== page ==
Tidbits of Shelby County History
History of John C. Rogers Drug Company

This week’s article will be about the John C. Rogers Drug store on the Center Square. It was taken from a newspaper article from the Shreveport Journal (Shreveport, LA) dated 29 July 1972 written by Mildred Waltkins, staff member.

I would like to remind everyone of the annual membership drive currently going on at the museum. This is our main source of operating funds. The past year of 2020 was a very difficult year for the museum as it limited the number of visitors because of Covid-19 and 2021 isn’t looking any better. The membership renewals are coming in very slowly. Please, please send in your 2021 membership form and be sure to encourage others around you to join the museum. Help keep the museum open!!!

Located on the north side of the square in Center, Texas, John C. Rogers Drug Company has been a familiar place to Shelby County residents since 1889, when its doors were first opened for business, by Dr. James Wooten Rogers, a 54-year old Center physician and a native of Keatchie.

The Rogers family indicated the first building house the Rogers Drug Store was a frame structure, l0cated on the west side of the Center Square. In 1904, J.J.E. Gibson, who was the same builder who constructed the Shelby County Court House in 1885, built the two-story structure on the northside square. It has been housed in the same structure since 1904, with the exception of the stock being moved temporarily to a nearby brick building due to fire damage in both 1911 and 1928. In 1952, the building underwent extensive remodeling.

Dr. Rogers the original owner, died in 1900. Following his death the store was under the ownership of the estate of his five children: J.M. Rogers, E.W. Rogers, L.Y. Rogers, O. C. Rogers and Mrs. Mary Ella Rogers Wheeler. His nephew, John Carlton Rogers, a pharmacist, operated it during the period until 1904 when he purchased it. It was then renamed the John C. Rogers Drug Company.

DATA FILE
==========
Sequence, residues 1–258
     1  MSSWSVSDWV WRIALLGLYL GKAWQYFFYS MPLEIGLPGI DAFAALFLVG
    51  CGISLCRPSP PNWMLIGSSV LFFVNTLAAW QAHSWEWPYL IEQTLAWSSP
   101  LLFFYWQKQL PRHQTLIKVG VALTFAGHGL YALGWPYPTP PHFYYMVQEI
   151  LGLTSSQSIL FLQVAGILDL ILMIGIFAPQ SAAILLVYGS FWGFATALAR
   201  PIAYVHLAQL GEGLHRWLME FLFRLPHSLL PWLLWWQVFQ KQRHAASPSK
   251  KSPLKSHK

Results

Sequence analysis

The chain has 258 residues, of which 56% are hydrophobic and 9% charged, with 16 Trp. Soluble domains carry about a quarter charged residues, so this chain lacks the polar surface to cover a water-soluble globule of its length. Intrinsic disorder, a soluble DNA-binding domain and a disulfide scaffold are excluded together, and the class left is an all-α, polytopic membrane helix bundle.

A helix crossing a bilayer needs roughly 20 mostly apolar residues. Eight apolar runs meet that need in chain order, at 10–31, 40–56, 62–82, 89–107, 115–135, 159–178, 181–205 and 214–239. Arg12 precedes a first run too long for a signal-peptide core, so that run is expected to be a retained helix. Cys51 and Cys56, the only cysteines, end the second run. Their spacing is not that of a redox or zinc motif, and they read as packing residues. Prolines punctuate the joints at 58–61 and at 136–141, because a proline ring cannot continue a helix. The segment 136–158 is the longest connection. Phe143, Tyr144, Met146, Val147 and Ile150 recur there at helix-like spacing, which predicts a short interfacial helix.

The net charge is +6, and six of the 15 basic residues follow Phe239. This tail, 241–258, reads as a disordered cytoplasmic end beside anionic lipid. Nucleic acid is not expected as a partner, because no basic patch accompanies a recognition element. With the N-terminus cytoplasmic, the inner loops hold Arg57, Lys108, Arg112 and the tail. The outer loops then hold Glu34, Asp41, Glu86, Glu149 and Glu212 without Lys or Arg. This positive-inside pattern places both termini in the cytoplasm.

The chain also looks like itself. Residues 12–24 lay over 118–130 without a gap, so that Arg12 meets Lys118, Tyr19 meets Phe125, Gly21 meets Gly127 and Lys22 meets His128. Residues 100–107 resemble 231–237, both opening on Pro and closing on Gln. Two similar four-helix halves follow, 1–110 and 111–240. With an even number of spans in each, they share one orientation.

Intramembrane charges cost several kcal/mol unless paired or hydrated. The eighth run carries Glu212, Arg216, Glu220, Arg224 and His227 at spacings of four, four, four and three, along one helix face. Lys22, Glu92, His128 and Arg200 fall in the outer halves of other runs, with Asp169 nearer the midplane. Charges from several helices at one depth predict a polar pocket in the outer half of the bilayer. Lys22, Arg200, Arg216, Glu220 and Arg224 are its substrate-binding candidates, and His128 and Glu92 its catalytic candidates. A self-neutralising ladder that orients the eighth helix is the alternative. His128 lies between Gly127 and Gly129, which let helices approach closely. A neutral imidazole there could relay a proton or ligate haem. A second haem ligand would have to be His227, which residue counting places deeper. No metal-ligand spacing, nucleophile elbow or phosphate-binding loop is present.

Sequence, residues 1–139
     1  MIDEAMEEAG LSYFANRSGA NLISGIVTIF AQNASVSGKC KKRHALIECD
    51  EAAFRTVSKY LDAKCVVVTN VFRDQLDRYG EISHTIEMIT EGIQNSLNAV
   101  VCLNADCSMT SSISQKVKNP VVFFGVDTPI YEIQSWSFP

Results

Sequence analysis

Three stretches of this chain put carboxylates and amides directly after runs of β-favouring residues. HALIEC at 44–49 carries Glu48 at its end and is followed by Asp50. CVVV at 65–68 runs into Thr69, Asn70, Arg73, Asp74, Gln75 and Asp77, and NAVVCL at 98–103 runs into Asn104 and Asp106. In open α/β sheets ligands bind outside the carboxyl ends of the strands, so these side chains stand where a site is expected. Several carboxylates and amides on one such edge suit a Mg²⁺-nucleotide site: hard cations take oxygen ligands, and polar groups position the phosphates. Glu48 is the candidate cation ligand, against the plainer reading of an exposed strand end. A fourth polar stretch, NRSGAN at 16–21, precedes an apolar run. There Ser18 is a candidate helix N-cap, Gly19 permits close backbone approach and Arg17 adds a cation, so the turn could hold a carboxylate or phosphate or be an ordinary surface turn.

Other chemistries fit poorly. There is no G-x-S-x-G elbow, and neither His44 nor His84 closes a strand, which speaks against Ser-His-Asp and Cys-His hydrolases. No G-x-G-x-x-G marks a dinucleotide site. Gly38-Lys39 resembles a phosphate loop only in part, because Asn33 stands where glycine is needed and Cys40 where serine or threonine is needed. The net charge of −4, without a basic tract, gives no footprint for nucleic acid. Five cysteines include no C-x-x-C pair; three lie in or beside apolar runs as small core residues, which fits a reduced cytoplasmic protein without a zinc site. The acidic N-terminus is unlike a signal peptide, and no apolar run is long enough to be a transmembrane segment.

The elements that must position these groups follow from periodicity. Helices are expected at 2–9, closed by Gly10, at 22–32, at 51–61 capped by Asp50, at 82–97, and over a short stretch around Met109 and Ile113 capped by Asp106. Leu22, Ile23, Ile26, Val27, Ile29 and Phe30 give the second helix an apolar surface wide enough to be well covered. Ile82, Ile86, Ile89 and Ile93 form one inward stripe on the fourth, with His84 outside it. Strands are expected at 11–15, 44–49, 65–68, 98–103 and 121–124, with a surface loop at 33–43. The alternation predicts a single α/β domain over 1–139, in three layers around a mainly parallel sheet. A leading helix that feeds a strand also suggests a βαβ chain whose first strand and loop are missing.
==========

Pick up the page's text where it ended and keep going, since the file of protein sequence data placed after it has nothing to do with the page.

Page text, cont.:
John Carlton Rogers, for whom it was named, was born in 1889, also in Keatchie, son of Young William Rogers and Mary Rebecca Carlton Rogers. He was married to Susan Belle Wilson of Nacogdoches, Texas. He was an energetic businessman, civic leader and church worker. He owned and operated the John C. Rogers Drug Company for almost fifty years. He served in 1903 and again in 1905 on the Texas District Board of Pharmacy and also served thirteen years in the Texas Legislature from Shelby County. He is said to be the first person to received Insulin in the State of Texas. He traveled to John Sealy Hospital in Galveston in 1921 to receive an injection from Dr. Charles T. Stone. He lived for twenty-one years afterwards.

In 1913, one of his sons, James G. (Jim) Rogers, started working in the store and a few years later another son, Edward Neal Rogers, after receiving his degree as a pharmacist, joined them. In 1930, a son-in-law, Choc Muldrow, who had previously been a bookkeeper for Pickering Lumber Company, when it was one of the largest pine mills in the south, joined the group as the bookkeeper.

In 1943, John Carlton Rogers died and the business passed to his five children: James G. (Jim) Rogers, W.C. Rogers, Edward Neal Rogers, Mrs. Hazel Rogers Muldrow and Young William Rogers. His widow, Mrs. Mary Rebecca Carlton Rogers, retained a life estate. In 1944, she gift deeded her share to the five children equally. In 1961 W.C. Rogers sold his interest to the remaining owners. Young William Rogers died in 1964, and his interest was purchased in 1968 by the remaining stockholders who owned it until 1972, when the current owner, Mr. and Mrs. Robert J. Giddens purchased it.

In discussing the Rogers Drug Store with other as well as the previous and current owners, they stated that looking back at some of the work and pleasures, the changes and improvements, they recalled the tremendous change in the drug business, especially in the variety of medicine, health and beauty aids offered the public.